It was written in 5 paragraphs – covering much of the front and back of the blue-lined paper. When he typed it onto the computer screen, he was dismayed that it didn’t fill the page. He also had to turn paragraph poetry into standard prose with complete sentences. Lots of verbs were added and galloping away sentences were reigned in with periods. His ideas were dressed up with suit-and-tie proper capitalization with wing-tip endings.

Thank you size 14 fonts for allowing him to make his ideas be as big as he imagined. He searched the styles, settling happily for Brush Script. He printed one for him and a New Times Roman for his teacher – and turned all of them in – the paragraph poetry, the well-dressed prose – and the well-dressed prose jazzed up with a funky font.

My favorite draft was the original, the paragraph poetry. Poor little poetry in a paragraph – nobody wants to leave it alone. I wanted you to read it as I read it, pause where I paused, tumble along with the cadence he created and I so loved from someone I so love – who turned 12 on the first day of Autumn.

Original “Day in the Woods”

by the little illustrator

“Crackle, Crackle –as I walk into the old, lively forest
I see different types of trees.
I see dead leafs everywhere
Green, orange, red,
Even some orange and red
Some were high up
In the sky
Some were down low
Leafs that are falling Down
Go down slowly like an
Air balloon running out
Of hot air.
I feel the leafs
Like a brick wall
Big leafs
Small leafs
And even torn leafs

As I swat the flies
One by one I see twigs and broken twigs
Like crabs on the floor.
Small trees and tall trees everywhere
I look
I smell the trees
They smelled like dirt.
As I go to sit on the log a lot of lively things
I see
Plants everywhere but the little spot
I see

As I breathe the free air
Chirp Chirp
I hear birds chirping like they are scared
By a beast
I sniff again
I smell dirt like the dirt was rising up
I see
Roots overlapping roots
As if they were fighting
I feel
The log I’m sitting on
It feels like wrinkly clothes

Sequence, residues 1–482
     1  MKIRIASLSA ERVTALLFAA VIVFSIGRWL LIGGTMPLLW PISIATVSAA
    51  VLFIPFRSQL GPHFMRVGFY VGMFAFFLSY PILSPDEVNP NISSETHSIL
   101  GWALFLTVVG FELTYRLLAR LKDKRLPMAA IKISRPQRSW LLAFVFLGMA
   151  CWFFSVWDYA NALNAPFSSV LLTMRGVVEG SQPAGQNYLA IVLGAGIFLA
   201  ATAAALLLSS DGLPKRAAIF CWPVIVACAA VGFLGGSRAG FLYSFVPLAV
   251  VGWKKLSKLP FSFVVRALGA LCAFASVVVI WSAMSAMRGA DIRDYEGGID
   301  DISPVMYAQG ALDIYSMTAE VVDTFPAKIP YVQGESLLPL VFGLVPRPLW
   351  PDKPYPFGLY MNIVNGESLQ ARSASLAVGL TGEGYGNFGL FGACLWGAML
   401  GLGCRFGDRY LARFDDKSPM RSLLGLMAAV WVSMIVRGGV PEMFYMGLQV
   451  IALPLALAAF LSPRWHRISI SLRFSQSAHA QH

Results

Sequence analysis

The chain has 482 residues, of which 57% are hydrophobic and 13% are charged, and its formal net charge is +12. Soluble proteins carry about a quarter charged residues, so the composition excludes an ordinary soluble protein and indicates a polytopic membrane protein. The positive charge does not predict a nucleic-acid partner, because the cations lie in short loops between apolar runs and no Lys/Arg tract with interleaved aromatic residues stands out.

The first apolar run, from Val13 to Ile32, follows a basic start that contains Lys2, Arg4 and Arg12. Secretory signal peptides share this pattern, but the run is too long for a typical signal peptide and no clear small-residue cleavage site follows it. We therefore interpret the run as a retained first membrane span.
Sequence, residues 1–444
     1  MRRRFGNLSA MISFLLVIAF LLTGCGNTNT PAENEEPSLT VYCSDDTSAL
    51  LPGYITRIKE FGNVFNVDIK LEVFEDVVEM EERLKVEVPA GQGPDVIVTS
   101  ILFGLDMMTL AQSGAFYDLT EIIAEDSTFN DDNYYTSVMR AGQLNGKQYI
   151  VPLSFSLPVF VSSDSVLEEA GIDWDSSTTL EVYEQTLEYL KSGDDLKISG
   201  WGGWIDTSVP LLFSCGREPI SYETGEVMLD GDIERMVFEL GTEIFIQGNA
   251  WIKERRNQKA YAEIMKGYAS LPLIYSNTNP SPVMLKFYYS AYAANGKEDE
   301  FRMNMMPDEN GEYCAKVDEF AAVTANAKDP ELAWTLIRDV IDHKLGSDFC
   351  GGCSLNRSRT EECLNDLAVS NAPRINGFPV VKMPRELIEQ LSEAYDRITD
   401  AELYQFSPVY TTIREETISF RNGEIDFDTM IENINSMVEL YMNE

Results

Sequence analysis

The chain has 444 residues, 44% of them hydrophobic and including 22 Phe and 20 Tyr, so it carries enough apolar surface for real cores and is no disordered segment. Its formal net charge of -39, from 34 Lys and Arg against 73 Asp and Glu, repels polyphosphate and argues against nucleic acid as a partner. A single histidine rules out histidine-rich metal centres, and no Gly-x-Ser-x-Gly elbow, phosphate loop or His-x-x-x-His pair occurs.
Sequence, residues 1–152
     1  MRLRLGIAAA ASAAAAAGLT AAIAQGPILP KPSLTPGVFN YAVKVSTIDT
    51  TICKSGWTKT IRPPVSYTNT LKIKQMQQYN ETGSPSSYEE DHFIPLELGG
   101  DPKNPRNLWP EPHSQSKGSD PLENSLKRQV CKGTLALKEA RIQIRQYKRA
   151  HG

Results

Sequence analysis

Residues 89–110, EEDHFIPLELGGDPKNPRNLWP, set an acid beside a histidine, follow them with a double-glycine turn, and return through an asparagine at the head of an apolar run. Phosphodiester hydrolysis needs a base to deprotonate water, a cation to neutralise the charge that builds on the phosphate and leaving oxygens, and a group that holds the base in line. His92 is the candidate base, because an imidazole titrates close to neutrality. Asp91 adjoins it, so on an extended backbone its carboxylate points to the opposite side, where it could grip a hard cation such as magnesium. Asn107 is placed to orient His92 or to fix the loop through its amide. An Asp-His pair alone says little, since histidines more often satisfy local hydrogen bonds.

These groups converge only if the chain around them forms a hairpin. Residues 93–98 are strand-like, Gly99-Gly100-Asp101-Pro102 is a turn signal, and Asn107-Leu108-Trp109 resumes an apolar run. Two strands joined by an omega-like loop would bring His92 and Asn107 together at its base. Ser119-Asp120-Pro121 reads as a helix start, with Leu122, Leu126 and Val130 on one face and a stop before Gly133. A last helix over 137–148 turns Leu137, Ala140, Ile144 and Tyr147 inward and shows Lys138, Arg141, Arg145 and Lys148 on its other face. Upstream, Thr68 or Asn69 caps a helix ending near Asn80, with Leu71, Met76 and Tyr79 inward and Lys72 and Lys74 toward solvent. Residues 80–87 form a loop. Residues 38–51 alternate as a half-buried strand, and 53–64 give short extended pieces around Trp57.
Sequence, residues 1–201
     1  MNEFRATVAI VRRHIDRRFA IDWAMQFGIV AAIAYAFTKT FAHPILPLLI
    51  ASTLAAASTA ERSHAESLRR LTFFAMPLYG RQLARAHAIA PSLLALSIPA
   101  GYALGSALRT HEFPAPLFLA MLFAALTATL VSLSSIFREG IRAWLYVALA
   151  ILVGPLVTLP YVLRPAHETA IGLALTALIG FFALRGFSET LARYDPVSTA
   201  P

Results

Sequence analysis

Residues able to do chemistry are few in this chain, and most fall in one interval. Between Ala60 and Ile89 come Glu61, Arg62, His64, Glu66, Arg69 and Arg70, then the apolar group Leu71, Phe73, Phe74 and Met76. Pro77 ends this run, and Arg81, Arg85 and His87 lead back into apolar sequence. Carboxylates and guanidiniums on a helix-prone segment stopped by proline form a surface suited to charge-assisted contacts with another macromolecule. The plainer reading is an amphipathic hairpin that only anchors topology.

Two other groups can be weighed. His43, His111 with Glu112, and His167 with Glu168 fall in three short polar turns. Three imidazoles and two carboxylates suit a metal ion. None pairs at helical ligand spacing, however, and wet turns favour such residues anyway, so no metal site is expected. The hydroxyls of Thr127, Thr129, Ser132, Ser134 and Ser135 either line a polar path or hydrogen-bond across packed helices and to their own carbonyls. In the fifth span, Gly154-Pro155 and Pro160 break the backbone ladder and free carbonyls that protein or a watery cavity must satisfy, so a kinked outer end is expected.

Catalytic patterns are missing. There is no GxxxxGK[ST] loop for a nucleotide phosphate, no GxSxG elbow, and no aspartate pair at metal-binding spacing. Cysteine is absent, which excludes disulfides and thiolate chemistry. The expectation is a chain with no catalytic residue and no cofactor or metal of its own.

As I walk to another log
I see
Two ants fighting to live.
The black ant trying
To defend
the littler ant tries
To have food to live
By eating the big black ant.
They fight on until
Steps on them.
I see
The ants squashed
Like a pancake
But still I look around

I see
Spiders floating away on its web
I see
Big plants covering seeds
On the ground
I hope
We come back soon
It’s peaceful
I can’t wait till next time

Come back Monday for the Story Behind the Poem: Reading Blessing like Poetry

To read A Birthday Prayer, click here


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The morning starts off with prayer and hope – one leading us in the 23rd psalm, another leading the Lord’s Prayer, and the teen choosing a proverb. I finish off with prayer:

Praising God for either the rain that prepares the crops, or the sun that helps the crops grow, for our home, for our provision – for warm blankets and comfortable beds.

 I ask that our angels encamp about us, protecting us, keeping us from harm.

 I pray that as we come and go between classes, tasks, jobs and activities that we reach for relationship with the Father beyond this moment

 That we let others know about the love of Jesus either through our words or actions. That we find 3 people to pray for either outwardly or inwardly – maybe a bully, maybe the bullied – but someone who needs a bit of the Father in their lives.

 And. . . .I pray that their school work will be their best, a praise offering to God.

“Whatever you do, work at it with all your heart, as working for the Lord, not for men” (Col. 3:23)

 Our morning prayer sounds like utopian parenting, doesn’t it. For the duration of that prayer – all is right and hopeful in the world – a perfect moment.

If only the prayer were walked out as easily as spoken.

My teen and I, after the little guys were dropped off, talked about work as praise – because school work just is not always a priority. Right now, he really doesn’t see how reading The Secret Life of Bees, writing an essay or learning the rudiments of statistics will help him in real life (do not get me going about the feminization of education). From my college teaching experience, unless boys see a true need for a skill, they don’t respect it, want it, work for it.

But God wants our work to be as praise for him. . . .

 How do you get a teen to buy into that?